Vasculitis is an autoimmune condition that causes inflammation of the blood vessels and can cause serious health complications in severe cases. Some symptoms of vasculitis include red spots, lumps, and sores on the skin.

If you are concerned about the skin health of yourself or a family member, book an appointment with one of our dermatologists right away in Cayman. Most skin problems are completely harmless, but others can be indicators of other, underlying health issues. Therefore, it is very important to seek expert advise on how best to protect and maintain your health.

Both Dr Alison Duncan, Adult & Paediatric Dermatologist, and Dr Davide Altamura, Dermatologist and Dermatosurgeon, are very experienced in the diagnosis and treatment of all skin complaints, including those caused by autoimmune conditions.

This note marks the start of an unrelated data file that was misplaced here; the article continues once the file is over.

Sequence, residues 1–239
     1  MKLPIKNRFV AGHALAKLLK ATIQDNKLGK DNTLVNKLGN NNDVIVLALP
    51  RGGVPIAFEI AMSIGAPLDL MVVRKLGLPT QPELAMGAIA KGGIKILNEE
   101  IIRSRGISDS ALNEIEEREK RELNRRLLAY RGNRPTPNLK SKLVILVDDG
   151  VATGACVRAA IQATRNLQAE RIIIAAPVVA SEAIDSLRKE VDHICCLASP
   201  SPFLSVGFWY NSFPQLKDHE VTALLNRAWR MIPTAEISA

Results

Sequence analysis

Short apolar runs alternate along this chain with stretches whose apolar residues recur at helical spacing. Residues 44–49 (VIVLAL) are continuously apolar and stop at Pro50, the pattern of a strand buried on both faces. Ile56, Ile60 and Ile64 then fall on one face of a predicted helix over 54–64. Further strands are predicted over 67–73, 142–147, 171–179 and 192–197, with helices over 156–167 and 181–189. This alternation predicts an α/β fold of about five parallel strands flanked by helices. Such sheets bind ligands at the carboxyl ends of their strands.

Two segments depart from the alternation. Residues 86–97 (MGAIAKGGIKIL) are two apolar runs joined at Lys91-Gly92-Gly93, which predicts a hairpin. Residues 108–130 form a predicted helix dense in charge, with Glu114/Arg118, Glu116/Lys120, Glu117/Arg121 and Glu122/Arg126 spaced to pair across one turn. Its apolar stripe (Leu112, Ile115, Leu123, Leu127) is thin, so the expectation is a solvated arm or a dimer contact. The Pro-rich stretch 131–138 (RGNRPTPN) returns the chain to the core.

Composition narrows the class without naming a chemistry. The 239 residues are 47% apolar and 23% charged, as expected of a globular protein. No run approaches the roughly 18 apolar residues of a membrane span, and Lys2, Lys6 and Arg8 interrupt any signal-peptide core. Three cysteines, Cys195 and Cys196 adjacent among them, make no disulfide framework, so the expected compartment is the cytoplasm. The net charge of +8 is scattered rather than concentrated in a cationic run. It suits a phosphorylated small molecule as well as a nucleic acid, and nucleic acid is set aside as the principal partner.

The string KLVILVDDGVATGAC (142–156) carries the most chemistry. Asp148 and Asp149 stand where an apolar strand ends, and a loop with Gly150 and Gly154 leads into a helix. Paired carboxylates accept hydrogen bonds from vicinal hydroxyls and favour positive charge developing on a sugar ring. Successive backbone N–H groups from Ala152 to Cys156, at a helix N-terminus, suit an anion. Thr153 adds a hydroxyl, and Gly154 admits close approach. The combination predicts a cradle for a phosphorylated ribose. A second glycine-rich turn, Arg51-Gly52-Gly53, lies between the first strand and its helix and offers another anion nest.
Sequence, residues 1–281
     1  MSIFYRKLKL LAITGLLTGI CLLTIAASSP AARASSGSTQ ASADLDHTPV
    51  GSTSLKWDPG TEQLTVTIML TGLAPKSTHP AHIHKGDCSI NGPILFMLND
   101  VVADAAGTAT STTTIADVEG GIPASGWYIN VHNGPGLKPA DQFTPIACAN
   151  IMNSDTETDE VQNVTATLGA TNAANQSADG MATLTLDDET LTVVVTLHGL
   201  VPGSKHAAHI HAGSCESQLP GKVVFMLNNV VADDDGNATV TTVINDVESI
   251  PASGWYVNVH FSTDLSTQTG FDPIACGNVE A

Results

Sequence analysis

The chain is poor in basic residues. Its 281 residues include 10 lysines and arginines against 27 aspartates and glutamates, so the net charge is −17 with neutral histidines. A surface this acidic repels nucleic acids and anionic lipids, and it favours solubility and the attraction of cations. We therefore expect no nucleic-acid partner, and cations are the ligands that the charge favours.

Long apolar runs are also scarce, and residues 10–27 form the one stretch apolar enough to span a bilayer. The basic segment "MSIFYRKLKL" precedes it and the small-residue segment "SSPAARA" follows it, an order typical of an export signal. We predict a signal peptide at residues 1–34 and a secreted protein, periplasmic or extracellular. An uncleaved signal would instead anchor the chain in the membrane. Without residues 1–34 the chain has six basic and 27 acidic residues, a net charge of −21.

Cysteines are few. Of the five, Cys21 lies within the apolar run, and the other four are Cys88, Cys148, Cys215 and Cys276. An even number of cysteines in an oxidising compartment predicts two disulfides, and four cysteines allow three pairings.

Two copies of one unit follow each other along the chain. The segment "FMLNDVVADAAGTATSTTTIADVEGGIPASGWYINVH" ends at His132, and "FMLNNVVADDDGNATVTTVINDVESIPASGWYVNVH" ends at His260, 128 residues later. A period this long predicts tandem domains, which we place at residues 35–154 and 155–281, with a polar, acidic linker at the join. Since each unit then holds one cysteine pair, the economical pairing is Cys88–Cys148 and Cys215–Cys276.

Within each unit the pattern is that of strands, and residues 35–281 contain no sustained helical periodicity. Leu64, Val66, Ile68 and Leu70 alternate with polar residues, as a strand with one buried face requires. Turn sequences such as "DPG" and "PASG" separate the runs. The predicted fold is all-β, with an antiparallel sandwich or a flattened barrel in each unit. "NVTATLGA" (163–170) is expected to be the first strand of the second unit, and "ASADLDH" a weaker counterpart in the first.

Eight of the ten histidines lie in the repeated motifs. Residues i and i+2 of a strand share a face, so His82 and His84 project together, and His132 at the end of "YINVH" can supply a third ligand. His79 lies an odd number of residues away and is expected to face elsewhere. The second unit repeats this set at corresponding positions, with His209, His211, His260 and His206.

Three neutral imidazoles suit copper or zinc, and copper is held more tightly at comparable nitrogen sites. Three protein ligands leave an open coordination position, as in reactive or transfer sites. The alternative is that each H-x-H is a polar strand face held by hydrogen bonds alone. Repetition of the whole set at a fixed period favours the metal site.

Atopic dermatitis (more commonly known as eczema) is a common skin condition that can affect people at any age. Although anyone can get dermatitis, it is most common in babies, children, and young adults. It may be accompanied by asthma or hay fever.

The symptoms of atopic dermatitis can vary significantly between individuals but typically include one or more of the following:

  • Dry skin
  • Itchy skin
  • Discoloration of skin on the hands, feet, ankles, neck, wrists, eyelids and knees
  • Thick, cracked, or scaly skin
  • Small bumps that leak or form a crust when scratched
  • Raw, sensitive, or swollen skin

In babies and younger children, however, the symptoms of dermatitis can present differently than in adults. The key difference in dermatitis between members of different age groups is typically the location of the rash. In babies (from 6 months), dermatitis usually flares up on the face and scalp. In younger children (aged 2 – 5 months) the rash usually appears on the wrists and knees. Teens and adolescents with dermatitis are more likely to notice a rash on their hands and feet.